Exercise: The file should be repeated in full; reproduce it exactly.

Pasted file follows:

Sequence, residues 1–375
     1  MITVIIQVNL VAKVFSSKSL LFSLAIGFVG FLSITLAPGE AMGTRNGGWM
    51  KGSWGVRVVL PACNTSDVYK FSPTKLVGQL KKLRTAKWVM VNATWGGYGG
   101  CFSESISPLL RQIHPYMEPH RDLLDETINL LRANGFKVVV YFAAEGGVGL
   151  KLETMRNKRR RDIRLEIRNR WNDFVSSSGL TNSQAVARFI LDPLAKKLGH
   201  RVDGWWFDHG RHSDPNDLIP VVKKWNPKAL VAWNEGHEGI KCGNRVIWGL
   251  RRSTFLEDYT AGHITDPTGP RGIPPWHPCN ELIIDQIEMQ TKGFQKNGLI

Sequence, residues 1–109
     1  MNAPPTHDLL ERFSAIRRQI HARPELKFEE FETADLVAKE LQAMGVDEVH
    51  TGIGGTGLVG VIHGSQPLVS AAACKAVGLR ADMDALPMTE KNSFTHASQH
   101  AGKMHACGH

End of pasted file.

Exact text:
Sequence, residues 1–375
     1  MITVIIQVNL VAKVFSSKSL LFSLAIGFVG FLSITLAPGE AMGTRNGGWM
    51  KGSWGVRVVL PACNTSDVYK FSPTKLVGQL KKLRTAKWVM VNATWGGYGG
   101  CFSESISPLL RQIHPYMEPH RDLLDETINL LRANGFKVVV YFAAEGGVGL
   151  KLETMRNKRR RDIRLEIRNR WNDFVSSSGL TNSQAVARFI LDPLAKKLGH
   201  RVDGWWFDHG RHSDPNDLIP VVKKWNPKAL VAWNEGHEGI KCGNRVIWGL
   251  RRSTFLEDYT AGHITDPTGP RGIPPWHPCN ELIIDQIEMQ TKGFQKNGLI

Sequence, residues 1–109
     1  MNAPPTHDLL ERFSAIRRQI HARPELKFEE FETADLVAKE LQAMGVDEVH
    51  TGIGGTGLVG VIHGSQPLVS AAACKAVGLR ADMDALPMTE KNSFTHASQH
   101  AGKMHACGH